Hanukkah Lamps from the Jewish Museum's Collection

Encompassing nearly 1,050 pieces, the Jewish Museum’s collection of Hanukkah lamps is the largest in the world. Ranging in date from the Renaissance to 2013, the exhibition includes lamps made of silver, brass, iron, pewter, tin, lead, glass, wood, ceramic, and even silicone, reflecting the diverse economic statuses and aesthetic tastes of Jews over the ages and their desire to celebrate the miracle of Hanukkah in the most beautiful way possible.

18th century Hanukkah Lamp from Germany by JI (?)The Jewish Museum, New York

Hear artist Kehinde Wiley reflect on this portable Hanukkah lamp
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"The Portable Hanukkah Lamp is so charming and small. It’s designed to create fire and it’s designed to hold fuel. But I think more than anything, it’s designed to hold tradition in a pocket size. It’s scalloped as though they were fish scales on the side."—Kehinde Wiley, artist.

19th-early 20th century Hanukkah Lamp from Morocco by UnknownThe Jewish Museum, New York

The central decorative element on this lamp is the seven-branch menorah, flanked by two vases. From ancient times, the lamp was supposed to be hung on the doorpost of one's home, to publicize the miracle that took place during the Maccabean revolt. As one entered the door, the lamp would be on the left, opposite the mezuzah. Although in later times many Jewish communities came to place the light indoors, many Moroccan Jews have preserved the earlier tradition.

Hanukkah Lamp (1942) by Arnold Zadikow and Leopold HechtThe Jewish Museum, New York

Hear an audio track exploring this rare object.
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This Hanukkah lamp is a rare example of Jewish ceremonial art created during the Holocaust. Sculptor and architect Arnold Zadikow was deported to the camp-ghetto Theresienstadt in May 1942 and assigned to make decorative arts for the Nazis. Zadikow was aided by a young woodcarver interned in the camp, Leopold Hecht, who stole the wood for the lamp from the Germans. The lamp was made for the boys’ residence, to enable the children to celebrate Hanukkah and to teach them about Judaism, since Jewish instruction was forbidden. It was hidden all year and taken out only during the holiday. Zadikow died at Theresienstadt, but his daughter Marianne and wife, Hilda, also an artist, survived. The lamp was found in the camp after the war.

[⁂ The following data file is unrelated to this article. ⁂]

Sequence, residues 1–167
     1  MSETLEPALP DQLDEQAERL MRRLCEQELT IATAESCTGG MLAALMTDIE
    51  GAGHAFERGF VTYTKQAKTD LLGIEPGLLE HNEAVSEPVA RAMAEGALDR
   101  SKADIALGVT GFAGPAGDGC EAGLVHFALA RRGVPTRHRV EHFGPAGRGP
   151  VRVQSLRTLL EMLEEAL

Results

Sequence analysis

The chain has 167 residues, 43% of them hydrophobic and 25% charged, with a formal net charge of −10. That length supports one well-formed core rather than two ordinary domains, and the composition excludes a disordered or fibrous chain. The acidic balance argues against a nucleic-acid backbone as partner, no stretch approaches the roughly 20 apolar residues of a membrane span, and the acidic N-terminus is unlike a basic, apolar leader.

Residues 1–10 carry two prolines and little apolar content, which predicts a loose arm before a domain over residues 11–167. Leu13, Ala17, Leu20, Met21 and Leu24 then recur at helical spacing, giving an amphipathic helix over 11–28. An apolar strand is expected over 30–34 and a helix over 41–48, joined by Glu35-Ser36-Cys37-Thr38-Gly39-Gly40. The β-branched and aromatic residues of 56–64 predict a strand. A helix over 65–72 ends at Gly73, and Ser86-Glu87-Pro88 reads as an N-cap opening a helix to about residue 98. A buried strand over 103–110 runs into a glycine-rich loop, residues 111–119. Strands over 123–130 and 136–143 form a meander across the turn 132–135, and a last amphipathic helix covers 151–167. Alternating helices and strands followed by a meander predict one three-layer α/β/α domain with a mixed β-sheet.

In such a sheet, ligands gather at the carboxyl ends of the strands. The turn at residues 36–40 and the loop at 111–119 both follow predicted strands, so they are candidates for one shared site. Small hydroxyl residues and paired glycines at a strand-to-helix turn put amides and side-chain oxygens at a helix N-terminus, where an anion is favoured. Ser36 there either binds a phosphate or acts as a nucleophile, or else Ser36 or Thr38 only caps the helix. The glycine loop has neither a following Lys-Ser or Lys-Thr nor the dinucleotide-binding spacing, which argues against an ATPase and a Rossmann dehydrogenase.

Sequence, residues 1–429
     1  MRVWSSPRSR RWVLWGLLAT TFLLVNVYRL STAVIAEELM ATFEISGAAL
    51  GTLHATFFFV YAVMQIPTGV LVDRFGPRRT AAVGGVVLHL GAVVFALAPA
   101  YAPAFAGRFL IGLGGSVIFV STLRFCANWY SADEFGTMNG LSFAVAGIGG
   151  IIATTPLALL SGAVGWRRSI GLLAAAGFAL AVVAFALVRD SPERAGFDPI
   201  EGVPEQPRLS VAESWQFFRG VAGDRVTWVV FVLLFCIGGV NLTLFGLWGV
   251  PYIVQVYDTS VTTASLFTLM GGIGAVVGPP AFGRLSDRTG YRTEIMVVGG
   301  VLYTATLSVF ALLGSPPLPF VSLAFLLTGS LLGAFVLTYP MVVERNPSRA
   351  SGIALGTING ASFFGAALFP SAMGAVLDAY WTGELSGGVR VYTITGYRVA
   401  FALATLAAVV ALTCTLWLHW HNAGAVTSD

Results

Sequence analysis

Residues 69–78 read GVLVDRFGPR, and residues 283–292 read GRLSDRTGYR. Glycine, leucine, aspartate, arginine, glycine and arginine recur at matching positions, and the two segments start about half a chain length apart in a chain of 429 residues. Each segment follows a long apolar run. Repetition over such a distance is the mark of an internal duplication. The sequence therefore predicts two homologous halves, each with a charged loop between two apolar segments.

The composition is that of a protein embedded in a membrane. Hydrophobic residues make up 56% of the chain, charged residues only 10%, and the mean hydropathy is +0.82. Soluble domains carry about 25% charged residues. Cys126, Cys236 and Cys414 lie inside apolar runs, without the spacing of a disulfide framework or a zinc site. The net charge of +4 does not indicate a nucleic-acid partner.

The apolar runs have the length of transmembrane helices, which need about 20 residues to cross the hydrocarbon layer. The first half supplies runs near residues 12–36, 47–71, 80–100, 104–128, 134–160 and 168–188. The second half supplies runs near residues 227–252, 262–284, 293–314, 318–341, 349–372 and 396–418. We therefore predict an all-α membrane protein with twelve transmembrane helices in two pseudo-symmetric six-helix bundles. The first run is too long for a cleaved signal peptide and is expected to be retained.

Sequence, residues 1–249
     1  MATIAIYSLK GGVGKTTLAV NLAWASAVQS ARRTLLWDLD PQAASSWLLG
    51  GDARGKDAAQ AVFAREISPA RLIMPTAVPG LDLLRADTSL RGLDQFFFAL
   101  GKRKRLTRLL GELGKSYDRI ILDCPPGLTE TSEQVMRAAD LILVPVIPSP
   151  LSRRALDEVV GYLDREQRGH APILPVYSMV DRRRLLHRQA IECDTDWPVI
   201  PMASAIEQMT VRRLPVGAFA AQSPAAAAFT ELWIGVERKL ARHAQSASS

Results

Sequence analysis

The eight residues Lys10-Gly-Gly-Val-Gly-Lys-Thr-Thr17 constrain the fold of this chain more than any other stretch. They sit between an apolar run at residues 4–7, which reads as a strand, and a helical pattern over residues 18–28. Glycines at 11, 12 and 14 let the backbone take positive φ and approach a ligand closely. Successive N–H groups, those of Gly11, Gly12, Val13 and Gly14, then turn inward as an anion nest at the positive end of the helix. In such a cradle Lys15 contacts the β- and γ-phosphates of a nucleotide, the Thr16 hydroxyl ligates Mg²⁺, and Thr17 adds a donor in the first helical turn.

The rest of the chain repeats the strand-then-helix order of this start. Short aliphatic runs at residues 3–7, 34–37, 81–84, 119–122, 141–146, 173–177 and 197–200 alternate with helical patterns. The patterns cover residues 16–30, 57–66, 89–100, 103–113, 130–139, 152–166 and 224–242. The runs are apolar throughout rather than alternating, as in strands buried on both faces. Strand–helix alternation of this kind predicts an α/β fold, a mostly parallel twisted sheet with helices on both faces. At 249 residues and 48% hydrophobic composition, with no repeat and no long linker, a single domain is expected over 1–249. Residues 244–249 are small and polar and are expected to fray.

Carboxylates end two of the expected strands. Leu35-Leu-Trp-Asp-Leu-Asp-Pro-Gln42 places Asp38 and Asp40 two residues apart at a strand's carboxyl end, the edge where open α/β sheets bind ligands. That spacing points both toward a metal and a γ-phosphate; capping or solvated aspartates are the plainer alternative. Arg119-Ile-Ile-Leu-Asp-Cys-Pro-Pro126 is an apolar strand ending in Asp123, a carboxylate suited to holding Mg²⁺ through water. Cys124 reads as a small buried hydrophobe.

19th-20th century Hanukkah Lamp from Coastal North Africa by UnknownThe Jewish Museum, New York

This lamp represents a combination of Italian and North African elements. The rectangular backplate form with crenellations across the top is found on some Italian lamps. The backplate was cast from the same model as a lamp in the Israel Museum that was purchased in Morocco. In addition, an example of this type of backplate has the same scrolled element in the center that is found on coastal North African lamps.

Menorahmorph (2004) by Karim RashidThe Jewish Museum, New York

Karim Rashid's production runs the gamut from industrial design, art, and music to installations. His Hanukkah lamp, commissioned by the museum and produced in three colors, displays the biomorphic form, contemporary material, and brilliant color that characterize his work.

Hanukkah Lamp (1757 (date of inscription)) by R LThe Jewish Museum, New York

Mirrored Hanukkah lamps are very rare, probably due to the fact that until the 18th-century glass mirrors were quite expensive to make.

16th century Hanukkah Lamp from Italy by UnknownThe Jewish Museum, New York

This lamp is made from the lost-wax process and likely dates to the Renaissance. The crenellations across the top were derived from medieval architecture, seen, for example, in the fourteenth-century Palazzo Vecchio in Florence. Their use on Hanukkah lamps goes back at least to the fifteenth century, when they were depicted on a lamp in an Italian Hebrew manuscript.

Hanukkah Lamp (c. 1885) by Unknown Artist/MakerThe Jewish Museum, New York

Hear Jenna Weissman Joselit reflect on this curious Hanukkah lamp
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"This particular set of ritual miniaturized dollhouse-like chairs comes from Eastern Europe, so it’s not just that these things made their way from the old world to the new, but they also speak to the imagination, and I could conjure up a scene in which children are playing with these, moving the chairs…a game." —Jenna Weissman Joselit, historian of daily life.

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The story featured may in some cases have been created by an independent third party and may not always represent the views of the institutions, listed below, who have supplied the content.
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